39. Kouchi, A., Greenberg, J.M., Yamamoto, T. and Mukai, T. (1992) Extremely low thermal conductivity of amorphous ice: relevance to comet evolution, Astrophys. J. Lett., 388, pp. L73–L76.ADSCrossRefGoogle Scholar
  40. Lewis, J.S. (1972) Low-temperature condensation from the solar nebula, Icarus, 16, pp. 241–252.ADSCrossRefGoogle Scholar
  41. Linke, W.F. (1958) Solubilities of inorganic and metal-organic compounds A-Ir, 1, D. Van Nostrand Co., Inc., Princeton, p. 461.Google Scholar
  42. Makogan, Y.F. (1981) Hydrates of natural gas. PennWell Books, Tulsa, Oklahoma.Google Scholar
  43. Malin, M.C. (1986) Density of Martian north polar layered deposits: Implications for composition, Geophys. Res. Lett., 13, pp. 444–447.ADSCrossRefGoogle Scholar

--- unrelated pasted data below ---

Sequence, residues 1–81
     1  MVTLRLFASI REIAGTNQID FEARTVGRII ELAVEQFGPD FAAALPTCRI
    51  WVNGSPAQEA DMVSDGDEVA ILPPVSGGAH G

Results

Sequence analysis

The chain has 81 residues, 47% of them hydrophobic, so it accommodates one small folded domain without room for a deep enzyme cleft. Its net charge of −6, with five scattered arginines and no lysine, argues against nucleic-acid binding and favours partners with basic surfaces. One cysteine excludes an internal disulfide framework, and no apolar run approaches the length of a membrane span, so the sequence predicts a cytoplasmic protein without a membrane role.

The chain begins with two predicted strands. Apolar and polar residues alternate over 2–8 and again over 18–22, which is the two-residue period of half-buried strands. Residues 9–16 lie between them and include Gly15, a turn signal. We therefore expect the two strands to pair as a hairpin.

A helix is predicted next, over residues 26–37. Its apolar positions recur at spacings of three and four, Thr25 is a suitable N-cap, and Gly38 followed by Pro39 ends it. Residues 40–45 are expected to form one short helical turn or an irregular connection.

44. Manzhelii, V.G. and Krupskii, I.N. (1968) Thermal conductivity of solid methane, Sov. Phys.-Solid State, 10, pp. 221–222.Google Scholar
  45. McCarthy, K.A. (1982) Thermal conduction in solids, in: McGraw-Hill Encyclopedia of Science ' Technology, 5th Ed., pp. 627–630, New York.Google Scholar
  46. Milton, D.J. (1974) Carbon dioxide hydrate and floods on Mars, Science, 183, pp. 654–656.ADSCrossRefGoogle Scholar
  47. Parsonage, N.G. and Staveley, L.A.K. (1978) Disorder in Crystals. Clarendon, Oxford.Google Scholar
  48. Presley, M.A. and Christensen, P.R. (1997) The effect of bulk density and particle size sorting on the thermal conductivity of particulate materials under Martian atmospheric pressures, J. Geophys. Res., 102, pp. 9221–9229.ADSCrossRefGoogle Scholar
  49. Ross, R.G. (1991) Thermal conductivity and disorder in nonmetallic materials, Phys. Chem. Liq., 23, pp. 189–210.CrossRefGoogle Scholar